Lee Westwood, Martin Kaymer and Tiger Woods are the world's leading three players according to the World Rankings and all three are not only in the tournament but will play their opening two rounds together. They play late on day one and early on day two.
Westwood has yet to win this event although last year he did finish runner-up to Miguel Angel Jimenez after a three hole playoff. Kaymer too has yet to win in Dubai although he has been second, fourth and fourth in his last three starts in this event.
Woods on the other hand has been a two time winner, the last victory coming three years ago when he won narrowly over Kaymer. Woods has been otherwise occupied in the last two years but he returns to Dubai after an indifferent tournament at Torrey Pines looking to find the game which saw him win in 2008 and in 2006 when defeating Ernie Els in a playoff.
Kaymer was a little disappointing last week in Qatar but he had won in Abu Dhabi two weeks before and with a good record on this golf course his attempt to wrestle the number one mantle from Westwood will be a tournament within a tournament.
While so much of the focus will be on the 12.20 three-ball on day one, there are many others who no doubt feel they have a great opportunity to spoil the party. Former winner Rory McIlroy is one.
McIlroy returned to tournament golf in 2011 with a very impressive runner-up finish to Kaymer in Abu Dhabi and his remarkable record in his last five starts worldwide could well continue. The Northern Irishman has not finished outside the top six in those tournaments which have included the strongest of fields. McIlroy finished 6th last year in this tournament in addition to his win in 2009. He has a great chance of upstaging the marquee trio.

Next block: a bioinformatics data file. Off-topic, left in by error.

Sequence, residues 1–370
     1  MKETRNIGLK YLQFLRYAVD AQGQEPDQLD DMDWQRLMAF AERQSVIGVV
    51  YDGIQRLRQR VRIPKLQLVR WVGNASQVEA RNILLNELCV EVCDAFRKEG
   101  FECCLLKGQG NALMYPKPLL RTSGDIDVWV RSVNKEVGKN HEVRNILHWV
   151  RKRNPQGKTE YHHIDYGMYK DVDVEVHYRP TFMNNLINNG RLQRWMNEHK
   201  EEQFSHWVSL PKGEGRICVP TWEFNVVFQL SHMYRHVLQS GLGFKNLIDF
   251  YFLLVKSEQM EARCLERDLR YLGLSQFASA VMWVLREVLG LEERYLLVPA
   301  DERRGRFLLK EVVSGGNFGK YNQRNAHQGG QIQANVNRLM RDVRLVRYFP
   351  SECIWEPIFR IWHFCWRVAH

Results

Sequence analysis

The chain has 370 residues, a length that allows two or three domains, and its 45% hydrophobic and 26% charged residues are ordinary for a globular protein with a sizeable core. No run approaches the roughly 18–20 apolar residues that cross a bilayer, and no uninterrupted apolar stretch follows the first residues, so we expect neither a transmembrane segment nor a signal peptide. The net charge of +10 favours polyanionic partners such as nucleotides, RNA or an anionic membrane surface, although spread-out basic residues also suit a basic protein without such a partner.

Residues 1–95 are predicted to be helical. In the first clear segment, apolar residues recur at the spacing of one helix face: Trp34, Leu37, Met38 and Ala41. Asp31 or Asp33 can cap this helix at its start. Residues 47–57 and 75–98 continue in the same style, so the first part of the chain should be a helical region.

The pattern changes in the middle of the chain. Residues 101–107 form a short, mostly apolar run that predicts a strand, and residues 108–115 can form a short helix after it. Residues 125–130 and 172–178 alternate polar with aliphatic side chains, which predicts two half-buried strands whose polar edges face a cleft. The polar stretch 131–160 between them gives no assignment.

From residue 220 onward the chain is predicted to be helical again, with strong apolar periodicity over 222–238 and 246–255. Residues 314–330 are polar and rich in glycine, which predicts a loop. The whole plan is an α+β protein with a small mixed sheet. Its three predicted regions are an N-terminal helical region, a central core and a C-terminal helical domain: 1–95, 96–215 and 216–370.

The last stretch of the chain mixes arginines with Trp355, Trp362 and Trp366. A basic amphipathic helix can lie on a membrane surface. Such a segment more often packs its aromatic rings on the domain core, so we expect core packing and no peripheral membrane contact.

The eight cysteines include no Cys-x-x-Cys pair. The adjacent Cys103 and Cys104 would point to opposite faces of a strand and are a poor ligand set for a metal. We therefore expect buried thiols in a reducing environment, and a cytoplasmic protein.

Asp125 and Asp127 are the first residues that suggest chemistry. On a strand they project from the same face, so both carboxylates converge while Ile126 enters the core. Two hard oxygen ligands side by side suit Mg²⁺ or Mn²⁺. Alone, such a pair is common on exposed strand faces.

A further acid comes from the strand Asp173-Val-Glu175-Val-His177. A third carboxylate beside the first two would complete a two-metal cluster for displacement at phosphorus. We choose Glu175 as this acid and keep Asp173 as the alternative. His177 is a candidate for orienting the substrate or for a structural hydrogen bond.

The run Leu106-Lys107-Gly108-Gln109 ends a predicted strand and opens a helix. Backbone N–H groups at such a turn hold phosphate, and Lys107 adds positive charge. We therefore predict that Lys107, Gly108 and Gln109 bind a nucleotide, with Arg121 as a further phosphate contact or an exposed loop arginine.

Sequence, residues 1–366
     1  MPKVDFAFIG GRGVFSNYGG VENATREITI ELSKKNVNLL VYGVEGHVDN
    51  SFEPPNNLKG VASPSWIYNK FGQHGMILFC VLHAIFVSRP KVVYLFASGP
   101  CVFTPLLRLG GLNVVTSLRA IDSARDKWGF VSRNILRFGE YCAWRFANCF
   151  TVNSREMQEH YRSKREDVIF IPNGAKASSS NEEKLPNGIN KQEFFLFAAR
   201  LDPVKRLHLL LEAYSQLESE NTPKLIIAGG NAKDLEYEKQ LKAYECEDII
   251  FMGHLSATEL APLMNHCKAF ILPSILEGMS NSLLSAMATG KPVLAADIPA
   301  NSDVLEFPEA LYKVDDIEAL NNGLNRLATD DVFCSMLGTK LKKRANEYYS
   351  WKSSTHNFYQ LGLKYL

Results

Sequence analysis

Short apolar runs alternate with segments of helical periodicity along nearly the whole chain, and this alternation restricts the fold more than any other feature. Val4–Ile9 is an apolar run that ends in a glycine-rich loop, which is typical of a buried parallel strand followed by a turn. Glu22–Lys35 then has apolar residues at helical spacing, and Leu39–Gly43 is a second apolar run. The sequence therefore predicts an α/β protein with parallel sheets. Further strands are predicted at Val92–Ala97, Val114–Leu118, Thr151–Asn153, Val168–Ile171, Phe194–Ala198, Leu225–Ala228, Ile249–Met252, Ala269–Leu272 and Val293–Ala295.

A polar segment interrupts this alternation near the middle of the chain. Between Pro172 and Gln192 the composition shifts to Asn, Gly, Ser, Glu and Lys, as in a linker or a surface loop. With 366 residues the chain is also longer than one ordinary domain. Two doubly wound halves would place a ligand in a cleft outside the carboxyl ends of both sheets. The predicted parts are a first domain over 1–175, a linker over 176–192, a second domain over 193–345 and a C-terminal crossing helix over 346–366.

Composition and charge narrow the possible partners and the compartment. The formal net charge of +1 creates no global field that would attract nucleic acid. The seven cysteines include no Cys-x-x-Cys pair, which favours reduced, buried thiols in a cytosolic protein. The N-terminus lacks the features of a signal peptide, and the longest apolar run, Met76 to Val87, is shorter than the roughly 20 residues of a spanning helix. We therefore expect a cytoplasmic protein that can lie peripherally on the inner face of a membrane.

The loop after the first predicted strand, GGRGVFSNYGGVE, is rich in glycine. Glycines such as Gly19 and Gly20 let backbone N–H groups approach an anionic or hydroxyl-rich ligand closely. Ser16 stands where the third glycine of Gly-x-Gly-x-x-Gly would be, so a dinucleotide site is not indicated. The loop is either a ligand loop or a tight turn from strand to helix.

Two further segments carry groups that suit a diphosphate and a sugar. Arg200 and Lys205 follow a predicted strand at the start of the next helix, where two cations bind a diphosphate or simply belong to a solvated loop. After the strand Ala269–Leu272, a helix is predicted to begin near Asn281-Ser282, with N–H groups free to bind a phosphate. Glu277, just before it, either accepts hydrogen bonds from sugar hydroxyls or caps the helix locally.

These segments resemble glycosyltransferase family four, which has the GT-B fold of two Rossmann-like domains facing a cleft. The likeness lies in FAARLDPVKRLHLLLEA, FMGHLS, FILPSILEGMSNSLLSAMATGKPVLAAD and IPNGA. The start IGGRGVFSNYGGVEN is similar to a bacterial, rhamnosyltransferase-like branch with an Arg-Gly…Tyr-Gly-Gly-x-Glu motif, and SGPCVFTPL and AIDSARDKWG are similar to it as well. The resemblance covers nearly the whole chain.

Alvaro Quiros is another who always seems to play well in this part of the world. He finished 6th in this event last year, has won and been runner-up at the Qatar Masters in his last three starts there and finished 3rd at the Dubai World Championship late last year. He is in very good form and is a genuine contender.
Miguel Angel Jimenez was blown away by the winds of Doha last week but as the defending champion and as a player who finished runner-up two weeks ago in Bahrain he must be respected.
The Australasian challenge is headed by a former winner of this event, Richard Green. Green did not play last week in Qatar but did well enough in Abu Dhabi and Bahrain for him to be some sort of chance. Not only did he win this event in 1997 but in 2006 he led Woods and Els into the 72nd hole only to take bogey and allow Woods and Els to edge ahead and establish a playoff.
Green is joined by fellow Australians Andrew Dodt, Scott Strange and Brett Rumford while New Zealanders Michael Campbell, Danny Lee and Mark Brown add further strength to the Australasian numbers.